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Seungmi-Baek

Seungmi-Baek

Meet South Korean graphic designer, Seungmi-Baek.

 

Tell us a little bit about yourself.

I am working as a senior graphic designer at Ordinary People, a graphic design studio based in Seoul, Korea since 2015. As a hobby, I’ve been running for several years, and that’s where the name of my website, RSG WORKS — Ready-Set-Go Works, comes from. Every time I run, I think that running is similar to work and life. Even though you are out of breath and exhausted right now, if you keep steady every day, you will definitely be rewarded. Also, it is a bonus to see small but nice scenery in front of you from time to time.

 

Describe the city you’re living in and what it’s like to live there.

Before I moved to Seoul for college, I was born and raised in a city next to Seoul called Incheon. Incheon is a big city with a port and an airport, only 1-2 hours away from Seoul. Because of short distance, I thought Seoul and Incheon would be almost the same. However, Seoul, which I encountered as an adult, was completely different from what I expected. Incheon is rough and unsophisticated like time just stopped. On the other side, Seoul is sharp, fashionable and trendy in every aspect of people, architecture, and culture. The city flows and changes every day without staying still. I moved to Seoul nine years ago, but it’s been only three years since I started to adjust to life here.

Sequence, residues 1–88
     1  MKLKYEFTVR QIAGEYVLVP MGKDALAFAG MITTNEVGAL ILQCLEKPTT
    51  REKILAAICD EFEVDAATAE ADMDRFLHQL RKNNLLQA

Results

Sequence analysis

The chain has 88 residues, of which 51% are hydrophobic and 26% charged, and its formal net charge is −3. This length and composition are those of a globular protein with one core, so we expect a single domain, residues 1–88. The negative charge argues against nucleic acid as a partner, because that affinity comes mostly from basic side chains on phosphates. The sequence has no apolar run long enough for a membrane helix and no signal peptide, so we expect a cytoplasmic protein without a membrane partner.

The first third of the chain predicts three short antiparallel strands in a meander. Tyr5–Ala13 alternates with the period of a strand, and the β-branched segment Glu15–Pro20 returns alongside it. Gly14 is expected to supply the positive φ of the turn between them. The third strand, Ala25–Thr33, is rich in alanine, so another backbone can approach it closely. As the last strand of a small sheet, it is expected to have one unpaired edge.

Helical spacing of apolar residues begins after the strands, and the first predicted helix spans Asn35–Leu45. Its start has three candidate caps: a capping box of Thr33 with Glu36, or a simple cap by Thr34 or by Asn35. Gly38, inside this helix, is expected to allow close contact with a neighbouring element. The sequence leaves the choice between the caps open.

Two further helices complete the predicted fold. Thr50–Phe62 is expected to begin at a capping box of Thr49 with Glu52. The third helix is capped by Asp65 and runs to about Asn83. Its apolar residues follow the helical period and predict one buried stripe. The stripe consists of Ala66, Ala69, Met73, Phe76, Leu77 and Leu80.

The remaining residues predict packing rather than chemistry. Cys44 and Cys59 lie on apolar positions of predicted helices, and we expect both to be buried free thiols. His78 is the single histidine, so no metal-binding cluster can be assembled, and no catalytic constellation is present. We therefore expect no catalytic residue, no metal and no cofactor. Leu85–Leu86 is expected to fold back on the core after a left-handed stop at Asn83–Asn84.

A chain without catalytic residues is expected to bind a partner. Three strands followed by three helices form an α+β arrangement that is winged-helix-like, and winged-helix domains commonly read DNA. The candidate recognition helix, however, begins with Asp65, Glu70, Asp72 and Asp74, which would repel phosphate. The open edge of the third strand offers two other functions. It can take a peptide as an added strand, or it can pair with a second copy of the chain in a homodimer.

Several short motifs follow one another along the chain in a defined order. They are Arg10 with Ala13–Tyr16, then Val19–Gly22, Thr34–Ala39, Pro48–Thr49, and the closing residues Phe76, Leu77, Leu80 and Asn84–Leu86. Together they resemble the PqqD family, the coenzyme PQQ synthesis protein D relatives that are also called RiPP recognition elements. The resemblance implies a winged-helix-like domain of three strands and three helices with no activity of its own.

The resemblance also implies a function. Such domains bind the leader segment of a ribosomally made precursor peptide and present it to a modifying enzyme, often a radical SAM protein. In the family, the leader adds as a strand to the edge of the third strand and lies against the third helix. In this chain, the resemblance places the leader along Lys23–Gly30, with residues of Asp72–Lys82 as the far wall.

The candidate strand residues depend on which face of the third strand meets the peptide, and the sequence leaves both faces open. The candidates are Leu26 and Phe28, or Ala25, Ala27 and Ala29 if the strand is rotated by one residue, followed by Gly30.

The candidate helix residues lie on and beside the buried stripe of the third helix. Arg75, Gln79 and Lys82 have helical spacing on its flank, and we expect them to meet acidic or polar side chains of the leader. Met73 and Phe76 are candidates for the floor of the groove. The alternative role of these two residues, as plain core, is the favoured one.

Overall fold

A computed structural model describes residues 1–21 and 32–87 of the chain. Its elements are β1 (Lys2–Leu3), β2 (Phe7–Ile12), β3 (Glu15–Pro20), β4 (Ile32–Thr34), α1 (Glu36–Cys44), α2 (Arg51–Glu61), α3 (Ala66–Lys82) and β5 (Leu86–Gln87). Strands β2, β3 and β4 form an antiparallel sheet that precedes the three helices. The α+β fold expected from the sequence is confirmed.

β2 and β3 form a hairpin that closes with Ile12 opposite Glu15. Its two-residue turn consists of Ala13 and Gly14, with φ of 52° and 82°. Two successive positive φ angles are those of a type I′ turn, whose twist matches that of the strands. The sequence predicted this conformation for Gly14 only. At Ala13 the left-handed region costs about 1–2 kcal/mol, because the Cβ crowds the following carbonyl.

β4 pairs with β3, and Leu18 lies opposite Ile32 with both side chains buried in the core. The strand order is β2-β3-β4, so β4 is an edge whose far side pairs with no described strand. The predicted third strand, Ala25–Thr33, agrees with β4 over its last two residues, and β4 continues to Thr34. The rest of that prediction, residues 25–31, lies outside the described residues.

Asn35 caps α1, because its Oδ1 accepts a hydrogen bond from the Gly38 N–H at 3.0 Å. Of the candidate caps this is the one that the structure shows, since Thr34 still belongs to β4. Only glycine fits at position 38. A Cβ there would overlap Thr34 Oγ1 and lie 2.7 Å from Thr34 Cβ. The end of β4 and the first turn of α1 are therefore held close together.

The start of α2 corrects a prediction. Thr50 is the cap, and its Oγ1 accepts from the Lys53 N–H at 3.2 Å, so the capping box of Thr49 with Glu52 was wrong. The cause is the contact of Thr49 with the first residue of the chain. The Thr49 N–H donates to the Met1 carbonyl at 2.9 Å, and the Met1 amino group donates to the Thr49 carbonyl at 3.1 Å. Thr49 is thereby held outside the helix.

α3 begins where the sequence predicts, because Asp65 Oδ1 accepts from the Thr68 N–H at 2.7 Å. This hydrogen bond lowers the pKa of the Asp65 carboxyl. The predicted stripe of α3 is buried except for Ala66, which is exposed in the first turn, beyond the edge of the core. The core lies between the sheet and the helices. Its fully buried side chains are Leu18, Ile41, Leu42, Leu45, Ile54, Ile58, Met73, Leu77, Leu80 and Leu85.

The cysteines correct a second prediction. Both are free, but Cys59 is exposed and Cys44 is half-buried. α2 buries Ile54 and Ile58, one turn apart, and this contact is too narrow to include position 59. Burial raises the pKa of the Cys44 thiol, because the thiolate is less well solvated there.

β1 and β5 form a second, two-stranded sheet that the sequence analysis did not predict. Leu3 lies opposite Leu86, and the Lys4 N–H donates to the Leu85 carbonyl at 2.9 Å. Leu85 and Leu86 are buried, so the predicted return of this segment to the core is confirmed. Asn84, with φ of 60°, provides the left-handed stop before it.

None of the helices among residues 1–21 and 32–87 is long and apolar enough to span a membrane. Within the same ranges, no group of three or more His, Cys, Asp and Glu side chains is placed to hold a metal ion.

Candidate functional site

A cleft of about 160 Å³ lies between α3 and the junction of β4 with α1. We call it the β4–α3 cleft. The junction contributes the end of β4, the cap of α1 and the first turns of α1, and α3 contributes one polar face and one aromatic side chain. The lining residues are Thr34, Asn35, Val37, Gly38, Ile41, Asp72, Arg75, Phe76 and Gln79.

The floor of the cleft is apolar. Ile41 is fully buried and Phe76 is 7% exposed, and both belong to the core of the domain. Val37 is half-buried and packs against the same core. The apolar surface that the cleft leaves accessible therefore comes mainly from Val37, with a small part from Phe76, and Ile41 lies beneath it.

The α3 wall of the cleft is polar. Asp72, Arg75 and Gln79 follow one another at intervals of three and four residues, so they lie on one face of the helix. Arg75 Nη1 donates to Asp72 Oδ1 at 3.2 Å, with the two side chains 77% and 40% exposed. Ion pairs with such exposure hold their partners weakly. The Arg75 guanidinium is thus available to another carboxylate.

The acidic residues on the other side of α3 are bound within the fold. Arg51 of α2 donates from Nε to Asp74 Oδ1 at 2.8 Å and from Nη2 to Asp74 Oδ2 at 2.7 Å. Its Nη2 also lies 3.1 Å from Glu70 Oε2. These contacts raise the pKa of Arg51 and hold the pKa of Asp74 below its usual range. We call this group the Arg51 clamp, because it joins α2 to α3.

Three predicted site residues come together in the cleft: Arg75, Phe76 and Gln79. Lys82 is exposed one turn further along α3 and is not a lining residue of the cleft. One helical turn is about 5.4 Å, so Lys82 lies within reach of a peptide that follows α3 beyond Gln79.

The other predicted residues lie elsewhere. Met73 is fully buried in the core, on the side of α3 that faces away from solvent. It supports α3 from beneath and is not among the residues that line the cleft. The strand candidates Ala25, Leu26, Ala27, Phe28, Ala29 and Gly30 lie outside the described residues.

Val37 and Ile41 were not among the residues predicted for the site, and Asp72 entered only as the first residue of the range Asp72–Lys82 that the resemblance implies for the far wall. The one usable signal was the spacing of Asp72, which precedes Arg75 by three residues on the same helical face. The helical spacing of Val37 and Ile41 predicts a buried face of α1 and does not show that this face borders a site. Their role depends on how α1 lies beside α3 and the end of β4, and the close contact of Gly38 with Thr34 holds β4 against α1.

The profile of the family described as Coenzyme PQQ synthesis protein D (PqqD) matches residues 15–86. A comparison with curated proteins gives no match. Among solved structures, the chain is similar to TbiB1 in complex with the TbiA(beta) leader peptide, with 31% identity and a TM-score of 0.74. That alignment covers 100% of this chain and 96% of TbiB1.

Every time I run, I think that running is similar to work and life. Even though you are out of breath and exhausted right now, if you keep steady every day, you will definitely be rewarded.

What is the best and worst thing about living in your city?

Figuratively speaking, Seoul is like an upper stream of water. In terms of culture, everything flows in and passes through quickly. All the flowing things do not stay, they just pass by. You must wake up or you could be drifted away.

 

Give us 3 words that describe what it’s like to be a creative in your city.

High Speed. Competition. Lava.

 

How did you start your career in art?

Most Korean students are forced to choose either literature study or science study in high school and get good grades for entering a famous university in Seoul. The art study is not ​​recommended unless the student strongly desires by her own will. I was a typical student of Korean education, but suddenly one day I felt dizzy about my future. Will I have to walk this boring road that I have been doing all my life? So when I was in high school, I dreamed of a life as a creative. While majoring in visual communication design in university, I got interested in graphic design such as branding and editorial design. Upon graduation, I was lucky to get a chance to work as a junior designer at Ordinary People, and I am continuing to work as a senior designer until now.

 

So when I was in high school, I dreamed of a life as a creative. While majoring in visual communication design in university, I got interested in graphic design such as branding and editorial design.

Were the people around you supportive of your decision on working as a creative?